London Flat is burning down, burning down...A lucky escape

Discussion in 'Community' started by AlBDamned, Aug 19, 2005.

  1. AlBDamned macrumors 68030

    AlBDamned

    Joined:
    Mar 14, 2005
    #1
    Just a quick note to all of you - go home tonight and check your smoke alarms.

    Last night, my flatmate, in a slightly sozzled state, got home and decided to cook herself a vat of spaghetti. She then actually went to bed and left it on the [gas] stove burning away at full blast. My girlfriend and I awoke at 3am to find we were breathing light smoke and our alarm was just going into top gear.

    Luckily, only the bottom of the pan had reached flame temperature and I managed to get it off (still in sleep shorts - very dodgy!) but it shows you how easily it can happen. Was a might scary to say the least (though it could have been plenty worse). Aside from a mild Asthma problem and a rather acrid smell in the flat, it worked out ok, but if that alarm had not gone off, it could have been good night Vienna.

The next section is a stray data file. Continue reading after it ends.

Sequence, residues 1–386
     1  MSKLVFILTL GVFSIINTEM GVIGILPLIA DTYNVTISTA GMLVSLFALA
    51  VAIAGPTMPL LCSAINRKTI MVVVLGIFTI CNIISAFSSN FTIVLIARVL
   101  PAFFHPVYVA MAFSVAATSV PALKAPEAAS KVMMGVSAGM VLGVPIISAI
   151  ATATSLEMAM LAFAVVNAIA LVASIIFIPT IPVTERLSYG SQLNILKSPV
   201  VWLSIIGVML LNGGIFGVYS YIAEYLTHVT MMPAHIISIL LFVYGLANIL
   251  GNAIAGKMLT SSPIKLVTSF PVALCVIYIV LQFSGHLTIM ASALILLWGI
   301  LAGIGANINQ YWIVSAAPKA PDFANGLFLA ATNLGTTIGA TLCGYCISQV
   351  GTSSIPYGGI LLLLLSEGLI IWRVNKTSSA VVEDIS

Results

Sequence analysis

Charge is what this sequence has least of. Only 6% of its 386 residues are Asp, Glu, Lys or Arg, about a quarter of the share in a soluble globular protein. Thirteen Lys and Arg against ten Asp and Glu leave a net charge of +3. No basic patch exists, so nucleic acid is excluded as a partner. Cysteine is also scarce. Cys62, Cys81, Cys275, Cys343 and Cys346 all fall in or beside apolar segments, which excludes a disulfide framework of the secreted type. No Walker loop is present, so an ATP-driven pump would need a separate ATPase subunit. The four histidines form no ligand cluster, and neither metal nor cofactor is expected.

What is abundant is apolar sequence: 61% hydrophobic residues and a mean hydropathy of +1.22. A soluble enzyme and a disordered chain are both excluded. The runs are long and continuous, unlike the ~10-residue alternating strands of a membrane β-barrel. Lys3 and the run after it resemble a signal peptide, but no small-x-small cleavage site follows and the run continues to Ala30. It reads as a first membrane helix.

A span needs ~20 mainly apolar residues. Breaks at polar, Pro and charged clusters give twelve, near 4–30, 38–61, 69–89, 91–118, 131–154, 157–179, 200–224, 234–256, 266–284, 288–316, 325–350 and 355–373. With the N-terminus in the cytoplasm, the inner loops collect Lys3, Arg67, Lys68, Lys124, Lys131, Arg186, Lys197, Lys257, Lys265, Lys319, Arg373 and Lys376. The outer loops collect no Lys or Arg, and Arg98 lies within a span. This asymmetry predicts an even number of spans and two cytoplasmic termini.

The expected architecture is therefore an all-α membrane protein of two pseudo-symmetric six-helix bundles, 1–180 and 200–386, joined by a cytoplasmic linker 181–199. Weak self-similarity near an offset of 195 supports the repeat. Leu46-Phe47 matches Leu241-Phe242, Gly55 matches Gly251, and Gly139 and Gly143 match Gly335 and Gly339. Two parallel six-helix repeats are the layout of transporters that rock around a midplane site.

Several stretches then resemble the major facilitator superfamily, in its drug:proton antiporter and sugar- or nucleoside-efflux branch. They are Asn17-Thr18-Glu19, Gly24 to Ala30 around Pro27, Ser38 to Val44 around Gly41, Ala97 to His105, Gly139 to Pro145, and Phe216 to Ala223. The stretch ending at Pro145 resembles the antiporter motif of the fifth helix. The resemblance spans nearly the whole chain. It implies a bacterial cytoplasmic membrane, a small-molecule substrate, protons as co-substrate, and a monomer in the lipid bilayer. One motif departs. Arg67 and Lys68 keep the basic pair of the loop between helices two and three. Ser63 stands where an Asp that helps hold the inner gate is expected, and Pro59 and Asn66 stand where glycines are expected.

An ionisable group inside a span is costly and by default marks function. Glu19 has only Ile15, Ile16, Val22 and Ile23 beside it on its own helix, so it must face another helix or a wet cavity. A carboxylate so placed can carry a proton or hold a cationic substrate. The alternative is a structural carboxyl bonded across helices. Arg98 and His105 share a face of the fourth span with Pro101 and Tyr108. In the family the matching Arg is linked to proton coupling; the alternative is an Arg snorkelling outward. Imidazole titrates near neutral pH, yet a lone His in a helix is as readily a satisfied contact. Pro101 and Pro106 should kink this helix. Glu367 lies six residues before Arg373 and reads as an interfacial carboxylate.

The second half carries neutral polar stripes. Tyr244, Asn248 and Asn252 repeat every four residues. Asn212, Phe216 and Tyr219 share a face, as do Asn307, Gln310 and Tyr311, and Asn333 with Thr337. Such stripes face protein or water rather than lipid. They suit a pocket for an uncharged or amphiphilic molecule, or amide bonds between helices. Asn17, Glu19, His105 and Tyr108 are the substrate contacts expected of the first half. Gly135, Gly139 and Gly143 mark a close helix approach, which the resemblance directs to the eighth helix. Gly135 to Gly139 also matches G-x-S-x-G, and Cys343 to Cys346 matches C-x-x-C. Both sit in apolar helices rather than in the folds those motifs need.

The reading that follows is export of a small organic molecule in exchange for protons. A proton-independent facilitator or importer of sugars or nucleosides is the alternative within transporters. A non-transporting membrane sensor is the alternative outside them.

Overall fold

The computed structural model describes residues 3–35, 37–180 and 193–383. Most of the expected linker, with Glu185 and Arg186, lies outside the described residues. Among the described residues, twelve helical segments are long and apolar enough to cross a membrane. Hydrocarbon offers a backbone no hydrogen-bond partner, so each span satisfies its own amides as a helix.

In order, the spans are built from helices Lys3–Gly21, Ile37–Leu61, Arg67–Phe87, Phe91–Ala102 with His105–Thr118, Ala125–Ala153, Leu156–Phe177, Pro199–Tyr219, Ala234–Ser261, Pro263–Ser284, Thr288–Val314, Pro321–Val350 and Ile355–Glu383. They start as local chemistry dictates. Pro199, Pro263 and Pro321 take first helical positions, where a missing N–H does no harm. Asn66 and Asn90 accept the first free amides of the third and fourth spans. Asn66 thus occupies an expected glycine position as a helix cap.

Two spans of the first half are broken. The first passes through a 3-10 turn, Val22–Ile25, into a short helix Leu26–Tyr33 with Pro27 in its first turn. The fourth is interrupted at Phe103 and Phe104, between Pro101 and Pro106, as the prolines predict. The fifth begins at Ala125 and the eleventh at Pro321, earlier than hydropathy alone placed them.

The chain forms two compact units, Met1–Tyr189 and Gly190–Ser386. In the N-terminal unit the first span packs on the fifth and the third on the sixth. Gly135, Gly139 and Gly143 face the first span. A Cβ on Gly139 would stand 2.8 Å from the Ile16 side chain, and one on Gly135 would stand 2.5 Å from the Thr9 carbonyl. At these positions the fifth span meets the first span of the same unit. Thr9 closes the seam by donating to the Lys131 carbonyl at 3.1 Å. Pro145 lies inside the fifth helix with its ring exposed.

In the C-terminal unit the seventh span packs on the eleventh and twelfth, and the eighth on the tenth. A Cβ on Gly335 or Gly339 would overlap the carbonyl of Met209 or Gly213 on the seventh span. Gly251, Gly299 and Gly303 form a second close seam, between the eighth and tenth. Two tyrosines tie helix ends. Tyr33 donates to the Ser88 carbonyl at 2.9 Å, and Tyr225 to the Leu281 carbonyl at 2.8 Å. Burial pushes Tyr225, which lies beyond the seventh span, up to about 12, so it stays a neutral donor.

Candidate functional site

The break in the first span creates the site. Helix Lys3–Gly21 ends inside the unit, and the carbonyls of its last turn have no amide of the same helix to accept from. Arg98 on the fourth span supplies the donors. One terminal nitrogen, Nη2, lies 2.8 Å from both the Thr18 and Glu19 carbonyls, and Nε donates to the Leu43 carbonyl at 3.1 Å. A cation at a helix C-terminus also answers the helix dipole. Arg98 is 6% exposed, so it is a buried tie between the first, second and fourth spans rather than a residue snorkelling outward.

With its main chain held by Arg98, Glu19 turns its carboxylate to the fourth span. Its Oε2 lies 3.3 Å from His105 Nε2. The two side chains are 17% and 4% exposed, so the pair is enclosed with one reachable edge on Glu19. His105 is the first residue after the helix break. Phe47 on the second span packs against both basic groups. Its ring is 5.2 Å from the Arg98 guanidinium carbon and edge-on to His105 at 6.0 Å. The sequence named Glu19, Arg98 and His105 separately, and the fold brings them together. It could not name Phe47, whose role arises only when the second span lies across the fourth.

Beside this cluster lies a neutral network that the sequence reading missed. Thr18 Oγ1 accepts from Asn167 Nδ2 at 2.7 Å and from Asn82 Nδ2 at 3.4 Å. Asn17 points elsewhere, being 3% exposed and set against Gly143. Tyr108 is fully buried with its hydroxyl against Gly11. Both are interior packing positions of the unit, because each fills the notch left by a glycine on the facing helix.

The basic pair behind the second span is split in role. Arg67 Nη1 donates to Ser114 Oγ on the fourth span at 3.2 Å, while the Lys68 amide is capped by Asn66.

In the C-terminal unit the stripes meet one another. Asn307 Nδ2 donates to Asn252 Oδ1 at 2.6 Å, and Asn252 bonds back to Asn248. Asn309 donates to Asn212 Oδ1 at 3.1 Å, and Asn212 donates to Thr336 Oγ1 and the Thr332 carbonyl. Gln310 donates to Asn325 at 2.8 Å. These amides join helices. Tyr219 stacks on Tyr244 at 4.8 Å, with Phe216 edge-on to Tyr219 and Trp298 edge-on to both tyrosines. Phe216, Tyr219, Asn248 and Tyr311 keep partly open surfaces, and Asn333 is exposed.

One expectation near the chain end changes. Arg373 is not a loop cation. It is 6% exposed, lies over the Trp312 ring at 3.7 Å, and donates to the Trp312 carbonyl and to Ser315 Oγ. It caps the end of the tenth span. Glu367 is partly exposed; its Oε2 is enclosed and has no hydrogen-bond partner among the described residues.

A lucky escape indeed.

    So - go home and check you alarms! Ours has become my new favourite gadget (with a nice stock of Duracell Ultra batteries to keep him happy).
     
  2. Nickygoat macrumors 6502a

    Nickygoat

    Joined:
    Dec 11, 2004
    Location:
    London
    #2
    Lucky indeed. I've got 3, and a fire extinguisher but I smoke and am paranoid about burning the house down. A friend is a paramedic and regularly tells us about people who set fire to their own houses.
    Glad you're OK and you're right - check the smoke alarms.
     
  3. gwuMACaddict macrumors 68040

    gwuMACaddict

    Joined:
    Apr 21, 2003
    Location:
    washington dc
    #3
    glad to hear you're ok!! could have been a disaster :eek: :eek:
     
  4. AlBDamned thread starter macrumors 68030

    AlBDamned

    Joined:
    Mar 14, 2005
    #4